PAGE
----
A parade of special guests and fiery, soulful music kept party guests on their toes at the first of two 8th birthday parties for the Current at First Avenue on Friday night, setting the stage for what is sure to be another memorable celebration of Minnesota music and community togetherness tonight.
Of the two birthday party lineups, Friday’s was the one I was most skeptical about; with two singer-songwriter acts opening the show, I was concerned that the celebratory crowd would talk right over the music. Boy, was I happy to be wrong about that.
From the get-go John Mark Nelson pulled the audience in with his majestic, sweeping “Home,” his 10-piece orchestral-pop outfit setting a celebratory tone. Nelson appeared more animated and confident on Friday than he did the week prior playing Best New Bands, bouncing along to the beat and swiveling his hips, Dan Wilson-style. He was so confident, in fact, that he pulled out the sparse “Great Plains” from his debut Still Here, a song that he pared down to just an acoustic guitar and vocal duet with the multi-talented Grace Keating, and that could have easily lost the crowd if it wasn’t so elegantly and poignantly composed.
Nelson tested the audience’s attentiveness once again with the (literally) sleepy “You Are Tired” before ratcheting the energy back up with his vaudevillian new “The Moon and the Stars” and fan favorite “Reminisce,” and the audience on the Mainroom’s floor seemed ready and willing to follow him wherever he wanted to go.
Chastity Brown, meanwhile, had little trouble attracting the attention of the room, and was earning heated whoops and hollers before her band even came in behind her on her first song, “I Left Home.” Brown is such a fiery and wrenching vocalist that she could have probably held the sold-out crowd rapt with just an acoustic guitar, but her band (and especially electric guitarist Robert Mulrennan) added smoldering textures to her songs and kept the energy riding high. Brown mostly stuck to live favorites like “Man and Gun,” “On the Banks,” and the Current-spun “After You,” and tossed in a surprise cover of Beyoncé’s “If I Were a Boy” that had the ladies of the Chalice (who are on the bill for the birthday party tonight) scrambling up to the front of the crowd to sway and sing along.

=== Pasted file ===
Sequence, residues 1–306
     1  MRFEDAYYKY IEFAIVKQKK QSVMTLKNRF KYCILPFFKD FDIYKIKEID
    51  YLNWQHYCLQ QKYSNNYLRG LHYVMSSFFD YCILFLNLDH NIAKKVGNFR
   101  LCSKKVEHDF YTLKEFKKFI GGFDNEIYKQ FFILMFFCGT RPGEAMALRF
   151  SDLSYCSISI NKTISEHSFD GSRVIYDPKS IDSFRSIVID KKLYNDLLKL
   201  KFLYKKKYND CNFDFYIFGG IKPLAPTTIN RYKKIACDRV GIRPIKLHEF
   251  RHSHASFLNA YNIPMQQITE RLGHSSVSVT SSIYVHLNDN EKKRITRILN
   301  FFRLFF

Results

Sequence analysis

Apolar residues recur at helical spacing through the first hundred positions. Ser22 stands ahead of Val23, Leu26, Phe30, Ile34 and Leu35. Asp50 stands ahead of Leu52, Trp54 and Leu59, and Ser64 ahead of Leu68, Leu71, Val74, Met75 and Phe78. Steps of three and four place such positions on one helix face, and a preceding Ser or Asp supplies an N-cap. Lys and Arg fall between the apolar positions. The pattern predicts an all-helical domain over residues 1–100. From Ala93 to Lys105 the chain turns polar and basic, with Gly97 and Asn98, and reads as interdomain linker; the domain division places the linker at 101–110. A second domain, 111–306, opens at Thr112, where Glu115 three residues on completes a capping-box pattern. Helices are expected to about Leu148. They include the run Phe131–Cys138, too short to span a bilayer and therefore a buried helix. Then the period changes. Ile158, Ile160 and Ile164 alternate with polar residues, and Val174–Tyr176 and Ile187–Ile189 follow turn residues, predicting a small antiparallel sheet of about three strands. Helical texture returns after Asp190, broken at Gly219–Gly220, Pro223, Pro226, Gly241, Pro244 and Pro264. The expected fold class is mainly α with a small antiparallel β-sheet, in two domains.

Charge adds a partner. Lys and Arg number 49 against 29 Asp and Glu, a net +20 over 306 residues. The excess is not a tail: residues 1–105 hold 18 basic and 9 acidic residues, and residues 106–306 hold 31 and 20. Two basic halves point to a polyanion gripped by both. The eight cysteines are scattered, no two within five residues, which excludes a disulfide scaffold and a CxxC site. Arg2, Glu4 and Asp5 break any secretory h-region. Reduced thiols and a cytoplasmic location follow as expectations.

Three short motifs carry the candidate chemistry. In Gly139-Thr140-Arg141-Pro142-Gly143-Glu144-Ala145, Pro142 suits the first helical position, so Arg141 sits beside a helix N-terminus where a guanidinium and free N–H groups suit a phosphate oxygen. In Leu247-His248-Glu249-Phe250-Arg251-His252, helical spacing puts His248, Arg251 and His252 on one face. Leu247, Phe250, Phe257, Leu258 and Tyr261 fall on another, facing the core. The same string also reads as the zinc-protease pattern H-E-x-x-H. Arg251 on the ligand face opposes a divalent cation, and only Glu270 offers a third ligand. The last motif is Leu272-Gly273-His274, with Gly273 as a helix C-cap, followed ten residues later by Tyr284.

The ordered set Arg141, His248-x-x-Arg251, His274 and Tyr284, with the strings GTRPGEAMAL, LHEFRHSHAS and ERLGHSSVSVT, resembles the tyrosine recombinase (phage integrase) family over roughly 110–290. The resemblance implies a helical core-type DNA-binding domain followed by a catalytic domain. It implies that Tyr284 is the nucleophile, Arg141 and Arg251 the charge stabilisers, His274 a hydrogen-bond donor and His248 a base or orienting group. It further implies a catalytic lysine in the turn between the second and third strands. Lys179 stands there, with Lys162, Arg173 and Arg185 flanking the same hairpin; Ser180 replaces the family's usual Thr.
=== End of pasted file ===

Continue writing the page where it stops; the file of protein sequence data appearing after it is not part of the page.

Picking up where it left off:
The TC Funk and Soul All-Stars’ set was practically its own separate show, with comedian and TV commercial personality Fancy Ray presiding over the set and introducing each new vocalist as they came to the stage. The set started with a mesmerizing performance by three members of the Valdons, who had the whole room screaming in approval as they powered through a hair-raising cover of Tom Jones’ “I Who Have Nothing.” The set moved quickly after that, with additional performances by artists on that great Secret Stash Twin Cities Funk & Soul compilation, including Willie Walker, Maurice Jacox, and Sonny Knight, each song seeming to build on the energy of the one preceding it until the room exploded in a full-on dance party with Rufus Lumley’s “Minneap’lis Minnesota.”
Fancy Ray returned to the stage one last time and teased the audience a bit before asking if they were reading for the “headliner” of the set, shouting “From NBC’s The Voice… Nicholas David!” The room exploded in appreciation as Davis bounded up on stage (just hours before he would hop a plane to go perform at this weekend’s Green Inaugural Ball in Washington D.C.) to perform a cover of Al Green’s “Tired of Being Alone.”
Blues-rock stompers the 4onthefloor were undeterred by Twin Cities Funk and Soul All-Stars explosive performance and launched immediately into new material, with a song called “Enough.” Then falling into some of their more popular material like “Magic Trick” and “Junkie.” Gabe Douglas called for the first of several sing-alongs with their moody tune “Undertow.” By the time that song was finished, the assured rockers had the crowd in the palm of their hands (bass drums?).
Slowing things down a bit, 4otf brought the crowd to the emotional apex of the evening, bringing out Lakeland guitarist/cancer survivor Zach Sobiech to play his “Clouds” before a jam-packed Mainroom. Douglas hailed Sobiech as “an amazing individual” more than once, and his story still rings in the hearts of many attendees. For those not in the know, I profiled Sobiech earlier this December.
Somehow the band was able to wrestle that emotional moment and channel it into more feel-good energy (the smoke machine and snow falling from the ceiling probably helped a little, too), and crushed a string of signature hits, most notably “Lionhearted” and “Tuesdays.”
And it wouldn’t be a Current Birthday bash without a cover of a legendary local band; and Semisonic’s “Singing in My Sleep” got the treatment with the full complement of the night’s stars, including Sobiech’s triumphant return to the stage.
Written with additional reporting help from Brett Baldwin.